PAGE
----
The Gates Foundation, for the first time in many years, is making a major move in California by funding substantial professional development efforts in two school districts and suggesting that they’ll making similar grants in the coming months.
According to the post in Ed Source by John Fensterwald, Gates is giving several million to the Fresno and Long Beach districts to develop this professional development around Common Core Standards.
Here are a couple of important excerpts from John’s article (and it’s also important to read the piece in its entirety):
[Gates is]impressed with how Fresno and Long Beach have worked with unions and teacher leaders to personalize professional development. One concept is to allot money to teachers for them to choose their method of training. Long Beach is launching what it’s calling iPD Challenge, using software that will enable teachers to create their own electronic portfolios of their training and subject matter needs, then schedule online collaborations and face-to-face meetings with colleagues with similar interests….
The Gates Foundation has been criticized for being too prescriptive in pushing a reform agenda. Districts and charter schools receiving money to develop an earlier teacher effectiveness model, for example, had to commit to count test scores as at least 30 percent of a teacher’s evaluation. But Shalvey said that in implementing Common Core, Gates believes that “you make investments in people and organizations and you must have give and take.”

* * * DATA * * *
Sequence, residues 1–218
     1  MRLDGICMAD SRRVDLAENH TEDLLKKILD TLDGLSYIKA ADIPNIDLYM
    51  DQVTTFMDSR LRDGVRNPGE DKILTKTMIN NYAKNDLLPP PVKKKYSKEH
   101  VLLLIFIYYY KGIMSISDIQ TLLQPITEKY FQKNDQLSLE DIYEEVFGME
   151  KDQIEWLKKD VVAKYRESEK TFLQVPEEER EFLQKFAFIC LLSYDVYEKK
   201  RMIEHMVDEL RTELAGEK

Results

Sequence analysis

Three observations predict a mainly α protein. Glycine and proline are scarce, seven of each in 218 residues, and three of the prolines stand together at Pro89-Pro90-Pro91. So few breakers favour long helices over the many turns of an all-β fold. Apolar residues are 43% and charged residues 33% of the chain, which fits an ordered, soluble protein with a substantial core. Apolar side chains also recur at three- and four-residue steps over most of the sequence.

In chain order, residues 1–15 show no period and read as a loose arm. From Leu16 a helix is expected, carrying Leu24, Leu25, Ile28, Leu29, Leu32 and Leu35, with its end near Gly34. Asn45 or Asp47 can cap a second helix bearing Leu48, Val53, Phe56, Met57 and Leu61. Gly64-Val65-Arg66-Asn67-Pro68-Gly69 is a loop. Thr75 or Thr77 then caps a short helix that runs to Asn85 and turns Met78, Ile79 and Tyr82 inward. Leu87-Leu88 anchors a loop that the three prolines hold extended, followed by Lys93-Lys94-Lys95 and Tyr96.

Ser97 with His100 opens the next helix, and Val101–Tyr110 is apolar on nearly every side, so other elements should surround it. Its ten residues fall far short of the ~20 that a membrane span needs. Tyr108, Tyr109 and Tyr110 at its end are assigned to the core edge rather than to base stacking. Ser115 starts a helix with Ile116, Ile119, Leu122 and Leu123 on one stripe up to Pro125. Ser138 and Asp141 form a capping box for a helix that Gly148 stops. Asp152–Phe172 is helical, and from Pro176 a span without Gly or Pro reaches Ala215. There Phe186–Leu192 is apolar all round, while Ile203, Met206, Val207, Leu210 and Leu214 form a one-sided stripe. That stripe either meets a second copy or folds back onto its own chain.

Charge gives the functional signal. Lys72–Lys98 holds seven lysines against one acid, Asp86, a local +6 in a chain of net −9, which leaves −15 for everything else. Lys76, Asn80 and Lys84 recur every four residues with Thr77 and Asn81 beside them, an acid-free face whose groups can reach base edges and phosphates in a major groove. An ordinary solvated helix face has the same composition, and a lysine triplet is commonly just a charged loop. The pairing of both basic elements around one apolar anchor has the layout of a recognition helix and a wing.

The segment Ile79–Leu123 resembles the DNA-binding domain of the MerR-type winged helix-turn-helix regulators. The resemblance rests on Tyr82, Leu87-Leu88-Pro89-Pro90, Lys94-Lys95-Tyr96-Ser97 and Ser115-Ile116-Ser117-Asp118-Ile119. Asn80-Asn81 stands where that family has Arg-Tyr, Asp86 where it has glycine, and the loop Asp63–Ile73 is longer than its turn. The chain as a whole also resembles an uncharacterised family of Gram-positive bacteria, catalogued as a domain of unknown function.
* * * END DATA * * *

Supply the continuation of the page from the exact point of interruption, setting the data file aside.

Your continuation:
At the end of the grant period, he said, Gates might be looking to see that a third of students had a “rigorous and robust learning experience with the experience of Common Core, and principals and teachers felt confident and competent they were teaching it well.” Results on the Smarter Balanced assessments, the new computer-based tests aligned to Common Core, would not be the only measure of success, he said.
Earlier this year, I wrote a post titled Gates Foundation Discovers It’s Important To Listen To Teachers — Better Late Than Never, where I commented on new efforts by Gates to engage with teachers, and ended it by saying:
I don’t really care if their motives are solely pragmatic or a genuine rethinking of their policies themselves. It’s also not important to me if they acknowledge their past mistakes.
There is only one thing that’s key, and it’s what they do now and in the future.
I also suggested recently in The Washington Post that the new Gates CEO might move them in a similar direction.
Of course, there are many reasons to be very, very wary of any private foundation trying to involve itself in schools (see The Best Resources For Learning About The Role Of Private Foundations In Education Policy) and Gates is the one we should be most wary of — see Arrogance, The Gates Foundation & The “Remembering Self”; Gates Foundation Minimizing Great Tools For Helping Teachers Improve Their Craft and Videotaping teachers the right way (not the Gates way). Those are just a few of many posts I’ve written about their countless negative impacts on schools.